United We Stand

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Living Stones Series: First Published in All Around Old Bridge Publication – October 2017

By Pastor Lloyd Pulley

The great Greek storyteller, Aesop, tells this tale:

A lion used to prowl about a field in which four oxen used to dwell. Many times he tried to attack them; but whenever he came near they turned their tails to warn another, so that whichever way he approached them he was met by the horns of one of them. At last, however, they fell a-quarrelling among themselves, and each went off to pasture alone in the separate corner of the field. Then the Lion attacked them one by one and soon made an end of all four.

The moral of “The Four Oxen and the Lion?” United we stand, divided we fall.

Brilliant politicians like Patrick Henry relied heavily on the phrase “united we stand, divided we fall,” as have artists like Pink Floyd, authors like J.K. Rowling, and filmmakers like the creators of Captain America: Civil War. The phrase is also the motto of state legislatures. Notably, the state of Missouri’s flag displays two grizzly bears around a shield that reads, “United we stand, divided we fall.”

The adage holds true both in principle and in practice, and yet, some Americans seem to have fallen away from its fundamental truth. Currently, some in our nation are broken up into distinct groups with zealous individuals and media outlets overemphasizing our differences rather than our unity as Americans.

Nevertheless, we often return to the truth of “united we stand, divided we fall” when tragedy strikes. After the nightmare of 9/11, our nation rallied around our flag and what it meant to be an American, and responded to our enemies with one voice.

As we experienced in the aftermath of Superstorm Sandy, Americans from all over the country unified to bring much-needed relief to this area. In fact, our church, Calvary Chapel Old Bridge, working through a branch of Calvary Relief, was able to unleash a volunteer force from throughout the nation to bring the equivalent of millions of dollars of relief to hard-hit NJ neighborhoods.

And now, after Hurricanes Harvey and Irma ravished regions of Texas and Florida, once again Americans are uniting to meet the needs of fellow Americans. Here at home, Calvary Old Bridge is sending teams and volunteers, as well as supplies and resources, to help Americans rebuild through Calvary Relief.

This is the bedrock of what it means to be an American – rallying to meet the needs of others. Americans of every creed, color, and socio-economic status are unifying and serving side-by-side when it matters most. This great American spirit brings to mind a simple injunction of Jesus, who quoted from the Hebrew Scriptures saying, “You shall love your neighbor as yourself,” (Mark 12:31).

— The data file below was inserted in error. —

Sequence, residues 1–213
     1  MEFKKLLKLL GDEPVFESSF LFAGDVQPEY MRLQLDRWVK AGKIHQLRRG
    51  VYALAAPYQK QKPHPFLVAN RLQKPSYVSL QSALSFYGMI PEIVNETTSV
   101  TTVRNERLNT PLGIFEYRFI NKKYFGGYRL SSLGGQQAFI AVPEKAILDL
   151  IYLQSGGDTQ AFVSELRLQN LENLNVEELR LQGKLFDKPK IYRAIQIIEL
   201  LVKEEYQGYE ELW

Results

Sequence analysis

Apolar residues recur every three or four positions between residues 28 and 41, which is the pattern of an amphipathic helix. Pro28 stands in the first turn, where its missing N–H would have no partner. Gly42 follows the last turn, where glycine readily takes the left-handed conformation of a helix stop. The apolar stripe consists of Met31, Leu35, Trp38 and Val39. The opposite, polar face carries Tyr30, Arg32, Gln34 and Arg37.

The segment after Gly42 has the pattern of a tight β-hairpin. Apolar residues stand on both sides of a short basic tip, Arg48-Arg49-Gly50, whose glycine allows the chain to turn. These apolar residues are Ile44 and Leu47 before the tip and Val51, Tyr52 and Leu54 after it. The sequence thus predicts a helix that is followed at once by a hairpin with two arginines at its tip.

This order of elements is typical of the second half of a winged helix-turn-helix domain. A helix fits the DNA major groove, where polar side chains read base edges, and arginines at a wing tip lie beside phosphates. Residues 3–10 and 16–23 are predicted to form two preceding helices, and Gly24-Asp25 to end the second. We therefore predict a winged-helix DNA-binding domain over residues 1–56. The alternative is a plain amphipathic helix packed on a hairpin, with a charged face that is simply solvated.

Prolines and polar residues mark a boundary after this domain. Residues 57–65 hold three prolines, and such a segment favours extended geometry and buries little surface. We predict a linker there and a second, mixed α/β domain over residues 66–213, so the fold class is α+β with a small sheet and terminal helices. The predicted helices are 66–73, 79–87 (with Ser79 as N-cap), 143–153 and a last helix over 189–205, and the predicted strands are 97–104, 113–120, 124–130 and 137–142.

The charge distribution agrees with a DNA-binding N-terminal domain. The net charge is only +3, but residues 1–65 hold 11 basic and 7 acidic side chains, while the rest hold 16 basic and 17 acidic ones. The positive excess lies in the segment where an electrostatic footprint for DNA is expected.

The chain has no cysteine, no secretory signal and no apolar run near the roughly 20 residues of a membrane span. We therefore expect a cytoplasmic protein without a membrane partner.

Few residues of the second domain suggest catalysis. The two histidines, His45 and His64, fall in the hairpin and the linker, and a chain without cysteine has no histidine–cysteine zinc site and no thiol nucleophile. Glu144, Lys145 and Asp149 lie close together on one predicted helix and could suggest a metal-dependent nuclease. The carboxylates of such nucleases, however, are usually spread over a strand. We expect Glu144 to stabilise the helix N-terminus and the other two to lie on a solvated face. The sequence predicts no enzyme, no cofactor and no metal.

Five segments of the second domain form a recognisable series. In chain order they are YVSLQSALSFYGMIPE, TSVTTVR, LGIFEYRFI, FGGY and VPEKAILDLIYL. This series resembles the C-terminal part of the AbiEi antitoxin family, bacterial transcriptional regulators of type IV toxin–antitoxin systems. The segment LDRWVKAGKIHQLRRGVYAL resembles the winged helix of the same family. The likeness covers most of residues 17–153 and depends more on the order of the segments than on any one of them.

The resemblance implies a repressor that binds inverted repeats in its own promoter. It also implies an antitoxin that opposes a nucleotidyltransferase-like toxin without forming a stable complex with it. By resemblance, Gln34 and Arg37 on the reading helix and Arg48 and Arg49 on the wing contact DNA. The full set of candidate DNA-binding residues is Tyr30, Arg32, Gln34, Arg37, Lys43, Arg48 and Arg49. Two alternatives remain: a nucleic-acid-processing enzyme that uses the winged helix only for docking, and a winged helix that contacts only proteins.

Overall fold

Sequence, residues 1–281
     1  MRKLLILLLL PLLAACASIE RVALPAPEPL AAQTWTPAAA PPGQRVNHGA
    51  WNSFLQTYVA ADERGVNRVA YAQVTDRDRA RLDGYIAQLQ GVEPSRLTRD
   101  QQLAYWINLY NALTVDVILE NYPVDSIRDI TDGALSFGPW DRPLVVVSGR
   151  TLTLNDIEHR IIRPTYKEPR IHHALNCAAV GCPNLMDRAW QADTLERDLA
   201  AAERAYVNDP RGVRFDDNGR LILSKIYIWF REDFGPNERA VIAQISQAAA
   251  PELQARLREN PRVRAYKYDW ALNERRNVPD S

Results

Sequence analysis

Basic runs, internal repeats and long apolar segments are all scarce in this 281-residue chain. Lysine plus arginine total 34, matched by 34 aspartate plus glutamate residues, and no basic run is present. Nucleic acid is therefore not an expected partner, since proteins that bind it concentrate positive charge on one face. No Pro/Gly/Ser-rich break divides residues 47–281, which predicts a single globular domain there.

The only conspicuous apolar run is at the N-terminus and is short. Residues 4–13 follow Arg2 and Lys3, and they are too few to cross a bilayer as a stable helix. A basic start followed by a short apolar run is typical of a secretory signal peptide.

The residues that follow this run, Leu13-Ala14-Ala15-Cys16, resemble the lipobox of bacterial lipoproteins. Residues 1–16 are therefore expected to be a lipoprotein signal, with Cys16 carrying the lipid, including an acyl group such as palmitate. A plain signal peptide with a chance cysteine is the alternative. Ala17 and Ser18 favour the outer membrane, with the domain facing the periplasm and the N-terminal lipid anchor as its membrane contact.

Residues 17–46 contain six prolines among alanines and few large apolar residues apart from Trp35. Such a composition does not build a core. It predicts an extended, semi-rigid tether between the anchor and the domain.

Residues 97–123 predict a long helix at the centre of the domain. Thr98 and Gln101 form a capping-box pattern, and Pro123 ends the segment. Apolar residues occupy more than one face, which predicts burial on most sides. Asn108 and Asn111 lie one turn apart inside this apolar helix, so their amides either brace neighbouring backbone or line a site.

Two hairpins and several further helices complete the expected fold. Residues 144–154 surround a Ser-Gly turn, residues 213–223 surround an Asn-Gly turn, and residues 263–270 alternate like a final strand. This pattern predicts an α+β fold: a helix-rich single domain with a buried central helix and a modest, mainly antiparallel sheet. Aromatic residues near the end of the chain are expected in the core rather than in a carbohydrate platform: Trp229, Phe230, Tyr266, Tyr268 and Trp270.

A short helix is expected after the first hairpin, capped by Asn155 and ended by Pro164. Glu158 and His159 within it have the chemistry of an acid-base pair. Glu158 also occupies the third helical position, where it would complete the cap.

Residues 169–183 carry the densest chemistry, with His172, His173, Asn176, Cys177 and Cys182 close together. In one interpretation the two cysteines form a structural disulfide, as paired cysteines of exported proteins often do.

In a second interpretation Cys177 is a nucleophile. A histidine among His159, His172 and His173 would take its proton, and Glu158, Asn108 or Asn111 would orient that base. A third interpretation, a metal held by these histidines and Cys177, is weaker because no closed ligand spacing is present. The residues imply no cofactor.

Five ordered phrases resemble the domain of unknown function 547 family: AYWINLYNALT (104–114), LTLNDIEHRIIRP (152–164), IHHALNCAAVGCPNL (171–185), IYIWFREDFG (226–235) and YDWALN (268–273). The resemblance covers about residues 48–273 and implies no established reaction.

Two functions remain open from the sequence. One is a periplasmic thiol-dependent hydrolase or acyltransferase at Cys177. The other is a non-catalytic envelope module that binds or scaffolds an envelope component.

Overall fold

What does it mean then, to love our neighbors as ourselves?

Do you feed yourself every day? Make sure you have clothes, drinking water, a place to sleep, etc.? As we meet those needs for ourselves, we often think of others in desperate need, especially during times of crisis.

Recently, this united American spirit was clearly evident in Texas, as residents helped one another in the wake of Hurricane Harvey. Within three weeks of the storm, 95% of Texans’ homes had been mucked out! Amazingly much of this work has been done by people of faith who firmly believe in loving their neighbors as themselves.

In a USA Today piece entitled, “Faith groups provide the bulk of disaster recovery, in coordination with FEMA,” Paul Singer writes, “In a disaster, churches don’t just hold bake sales to raise money or collect clothes to send to victims; faith-based organizations are integral partners in state and federal disaster relief efforts. They have specific roles and a sophisticated communication and coordination network to make sure their efforts don’t overlap or get in each others’ way.”

Even government organizations, and those affiliated with government, acknowledge the role of faith-based organizations in disaster relief. One such group, Partners for the Common Good, notes, “nonprofit organizations, including faith-based and community organizations, play a vital role in both preparing for disaster, and in ensuring an inclusive and participatory community-wide recovery from a disaster… these organizations directly supplement and fill gaps where government authority and resources cannot be applied.”

Academia acknowledges this phenomenon as well. One such study notes that about half of all shelters in the Gulf region after Hurricane Katrina were operated by faith-based groups. In other words, Americans unified in loving their neighbors as themselves have a real, quantifiable impact on fellow Americans in need.

Look how Americans rise up and unite in times of crisis, and you will see what it fundamentally means to BE American.

Loving our neighbor as ourselves fundamentally draws us together, and in that, we truly stand united.

Aaron Salvato